Long term pain affecting the bladder, prostate. pelvis and genitalia can be very distressing. Key to management is identifying any cause or trigger, and then based on careful evaluation modifying lifestyle, and trialling various options to help. Patients should be fully assessed and managed by the appropriate Specialists, and a thorough history, examination and investigations including urine and blood tests, scans and possibly cystoscopy will follow. Below are some common types of pain syndrome, and links to self help and management advice.
BLADDER PAIN SYNDROME
Pain in the bladder region accompanied by either pain on bladder filling or increased urinary frequency. Infection and tumours are excluded first, and simple measures for overactve bladder (see management of urinary symptoms pages) have failed. This term has largely replaced less helpful names such as "interstitial cystitis".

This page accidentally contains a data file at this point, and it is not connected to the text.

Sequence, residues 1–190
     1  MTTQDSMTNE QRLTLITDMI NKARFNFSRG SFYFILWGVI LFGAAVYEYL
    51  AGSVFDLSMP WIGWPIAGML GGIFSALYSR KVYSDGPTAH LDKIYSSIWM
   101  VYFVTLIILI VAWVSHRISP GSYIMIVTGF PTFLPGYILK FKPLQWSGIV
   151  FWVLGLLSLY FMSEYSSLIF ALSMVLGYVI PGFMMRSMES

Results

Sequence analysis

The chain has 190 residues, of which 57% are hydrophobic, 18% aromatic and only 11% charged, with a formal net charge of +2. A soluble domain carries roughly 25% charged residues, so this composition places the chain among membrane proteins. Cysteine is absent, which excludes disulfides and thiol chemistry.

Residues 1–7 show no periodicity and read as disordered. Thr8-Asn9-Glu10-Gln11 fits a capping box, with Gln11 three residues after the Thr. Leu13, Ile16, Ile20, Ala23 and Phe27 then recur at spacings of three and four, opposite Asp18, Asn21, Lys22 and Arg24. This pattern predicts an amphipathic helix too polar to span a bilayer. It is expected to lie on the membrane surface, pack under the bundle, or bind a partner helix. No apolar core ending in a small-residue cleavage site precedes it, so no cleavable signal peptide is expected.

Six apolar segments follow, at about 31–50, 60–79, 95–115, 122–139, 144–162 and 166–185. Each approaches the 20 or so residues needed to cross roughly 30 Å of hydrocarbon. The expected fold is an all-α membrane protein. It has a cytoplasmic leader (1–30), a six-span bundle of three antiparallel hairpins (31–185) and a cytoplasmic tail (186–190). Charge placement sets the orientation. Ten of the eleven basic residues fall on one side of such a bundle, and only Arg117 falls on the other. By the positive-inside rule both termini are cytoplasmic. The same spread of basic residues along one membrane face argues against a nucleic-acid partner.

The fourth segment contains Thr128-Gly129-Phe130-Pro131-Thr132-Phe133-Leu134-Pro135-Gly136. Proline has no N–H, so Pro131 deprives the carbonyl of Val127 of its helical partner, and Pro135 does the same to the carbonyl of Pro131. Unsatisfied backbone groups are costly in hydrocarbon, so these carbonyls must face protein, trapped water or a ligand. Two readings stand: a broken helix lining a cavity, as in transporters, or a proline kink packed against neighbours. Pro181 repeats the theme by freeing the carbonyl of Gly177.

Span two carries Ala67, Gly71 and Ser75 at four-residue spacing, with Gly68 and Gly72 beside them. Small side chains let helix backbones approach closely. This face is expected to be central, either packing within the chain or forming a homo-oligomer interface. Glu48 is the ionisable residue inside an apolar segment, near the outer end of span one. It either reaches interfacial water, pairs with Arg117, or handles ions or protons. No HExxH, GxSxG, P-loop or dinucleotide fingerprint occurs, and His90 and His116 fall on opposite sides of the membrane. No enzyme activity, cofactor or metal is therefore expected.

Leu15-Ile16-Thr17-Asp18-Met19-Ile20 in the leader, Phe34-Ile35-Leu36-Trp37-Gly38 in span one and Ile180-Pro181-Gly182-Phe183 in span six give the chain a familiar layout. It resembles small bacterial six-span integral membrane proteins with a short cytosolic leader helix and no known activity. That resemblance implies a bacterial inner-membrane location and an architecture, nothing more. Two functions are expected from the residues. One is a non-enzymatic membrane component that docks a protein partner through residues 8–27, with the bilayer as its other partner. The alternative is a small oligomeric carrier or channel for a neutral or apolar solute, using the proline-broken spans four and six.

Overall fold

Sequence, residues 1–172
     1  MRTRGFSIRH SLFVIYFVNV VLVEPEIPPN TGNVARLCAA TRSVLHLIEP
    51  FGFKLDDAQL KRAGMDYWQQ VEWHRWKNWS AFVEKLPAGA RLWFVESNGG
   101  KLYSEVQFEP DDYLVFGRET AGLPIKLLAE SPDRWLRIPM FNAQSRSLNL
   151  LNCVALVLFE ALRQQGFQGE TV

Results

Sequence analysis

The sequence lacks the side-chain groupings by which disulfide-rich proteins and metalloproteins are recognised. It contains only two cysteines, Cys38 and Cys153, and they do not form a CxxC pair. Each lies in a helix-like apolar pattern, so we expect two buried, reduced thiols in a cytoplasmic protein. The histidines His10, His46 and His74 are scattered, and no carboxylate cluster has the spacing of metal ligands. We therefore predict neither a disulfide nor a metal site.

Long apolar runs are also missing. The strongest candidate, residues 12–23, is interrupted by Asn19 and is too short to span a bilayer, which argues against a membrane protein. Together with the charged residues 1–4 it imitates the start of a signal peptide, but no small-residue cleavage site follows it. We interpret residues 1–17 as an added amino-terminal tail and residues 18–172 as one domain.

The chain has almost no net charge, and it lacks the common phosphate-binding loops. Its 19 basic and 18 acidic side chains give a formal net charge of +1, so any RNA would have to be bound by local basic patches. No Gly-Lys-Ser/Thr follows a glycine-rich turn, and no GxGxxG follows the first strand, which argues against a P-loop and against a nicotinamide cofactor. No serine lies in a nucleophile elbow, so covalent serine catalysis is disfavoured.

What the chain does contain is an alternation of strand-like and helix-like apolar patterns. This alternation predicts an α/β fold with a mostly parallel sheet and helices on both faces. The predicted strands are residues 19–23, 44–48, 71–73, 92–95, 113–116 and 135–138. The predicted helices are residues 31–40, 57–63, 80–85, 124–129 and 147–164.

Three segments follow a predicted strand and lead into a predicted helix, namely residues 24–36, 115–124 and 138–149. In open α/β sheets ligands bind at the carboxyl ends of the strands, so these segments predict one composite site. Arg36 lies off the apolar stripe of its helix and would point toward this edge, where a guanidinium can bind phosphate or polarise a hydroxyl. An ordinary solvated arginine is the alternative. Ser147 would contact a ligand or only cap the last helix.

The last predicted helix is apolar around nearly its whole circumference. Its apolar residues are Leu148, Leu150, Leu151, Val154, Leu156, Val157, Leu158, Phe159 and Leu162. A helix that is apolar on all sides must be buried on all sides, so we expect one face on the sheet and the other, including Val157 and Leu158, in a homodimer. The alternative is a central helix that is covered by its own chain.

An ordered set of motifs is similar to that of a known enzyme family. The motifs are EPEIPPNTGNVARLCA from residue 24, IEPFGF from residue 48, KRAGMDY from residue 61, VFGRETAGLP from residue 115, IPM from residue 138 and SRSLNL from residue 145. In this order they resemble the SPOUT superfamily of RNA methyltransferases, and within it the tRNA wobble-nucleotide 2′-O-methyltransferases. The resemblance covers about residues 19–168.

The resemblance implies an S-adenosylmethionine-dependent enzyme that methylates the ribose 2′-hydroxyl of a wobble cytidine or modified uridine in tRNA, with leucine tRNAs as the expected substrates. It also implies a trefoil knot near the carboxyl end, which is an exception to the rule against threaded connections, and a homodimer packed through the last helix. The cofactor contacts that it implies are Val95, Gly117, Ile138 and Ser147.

PROSTATE PAIN SYNDROME
Key here is the distinction of prostatic infection - which can present acutely with pain, fever and difficulty passing urine, or with repeated bacterial infections in the urine, and can be called "bacterial prostatitis" vs the alternative of non-infective pain in the prostate or perineum (the saddle area behind the scrotum) which is more correctly known as Chronic Pelvic/Perineal Pain Syndrome. Exclusion of infection or prostate cancer, a trial of antibiotics and then other options including prostate medication, painkillers and pelvic floor relaxation exercises. can all be helpful. Below is a link to an excellent booklet from Prostate Cancer UK, though this is not a cancer diagnosis.
SCROTAL PAIN SYNDROME AND SWELLINGS
Chronic pain in the scrotum is common and can be associated with identifiable abnormalities such has cysts, fluid around the testicle (hydrocoele), varicose veins (varicocele), previous vasectomy, infection and sometimes with no identifiable cause. Careful discussion and examination is crucial to identify the trigger to pain, and identify treatment options. The link below takes you to a range of patient leaflets regarding scrotal procedures for swellings or pain.